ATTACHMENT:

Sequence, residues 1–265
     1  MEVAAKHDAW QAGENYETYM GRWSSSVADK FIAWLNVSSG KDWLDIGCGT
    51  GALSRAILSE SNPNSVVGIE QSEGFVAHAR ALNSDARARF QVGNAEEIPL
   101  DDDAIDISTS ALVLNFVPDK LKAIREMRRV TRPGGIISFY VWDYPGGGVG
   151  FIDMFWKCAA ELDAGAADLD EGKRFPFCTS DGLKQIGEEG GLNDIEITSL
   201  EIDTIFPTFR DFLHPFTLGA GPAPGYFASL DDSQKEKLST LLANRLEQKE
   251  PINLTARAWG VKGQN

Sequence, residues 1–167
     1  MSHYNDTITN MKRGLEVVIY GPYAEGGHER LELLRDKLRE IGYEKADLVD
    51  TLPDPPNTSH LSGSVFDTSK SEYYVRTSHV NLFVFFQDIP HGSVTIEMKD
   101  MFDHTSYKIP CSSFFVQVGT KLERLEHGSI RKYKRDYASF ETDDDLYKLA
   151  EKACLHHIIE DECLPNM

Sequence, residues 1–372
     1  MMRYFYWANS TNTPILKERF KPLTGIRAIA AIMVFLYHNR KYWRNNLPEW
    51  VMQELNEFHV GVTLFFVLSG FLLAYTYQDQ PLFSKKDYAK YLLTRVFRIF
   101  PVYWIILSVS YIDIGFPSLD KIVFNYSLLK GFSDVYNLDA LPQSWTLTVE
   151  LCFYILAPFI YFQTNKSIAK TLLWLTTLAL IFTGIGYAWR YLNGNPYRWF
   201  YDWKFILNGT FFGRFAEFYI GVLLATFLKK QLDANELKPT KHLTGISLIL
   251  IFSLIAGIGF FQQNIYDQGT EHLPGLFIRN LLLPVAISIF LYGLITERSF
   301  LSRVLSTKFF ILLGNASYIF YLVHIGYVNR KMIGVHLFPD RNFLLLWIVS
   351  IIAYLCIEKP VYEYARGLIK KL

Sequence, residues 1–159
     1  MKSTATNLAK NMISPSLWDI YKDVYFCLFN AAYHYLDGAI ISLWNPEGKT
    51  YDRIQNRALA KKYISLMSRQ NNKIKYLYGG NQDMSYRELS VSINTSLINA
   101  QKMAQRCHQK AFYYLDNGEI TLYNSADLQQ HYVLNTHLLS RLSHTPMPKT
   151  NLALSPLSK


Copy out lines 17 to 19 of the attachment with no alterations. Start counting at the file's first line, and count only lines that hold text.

   151  LCFYILAPFI YFQTNKSIAK TLLWLTTLAL IFTGIGYAWR YLNGNPYRWF
   201  YDWKFILNGT FFGRFAEFYI GVLLATFLKK QLDANELKPT KHLTGISLIL
   251  IFSLIAGIGF FQQNIYDQGT EHLPGLFIRN LLLPVAISIF LYGLITERSF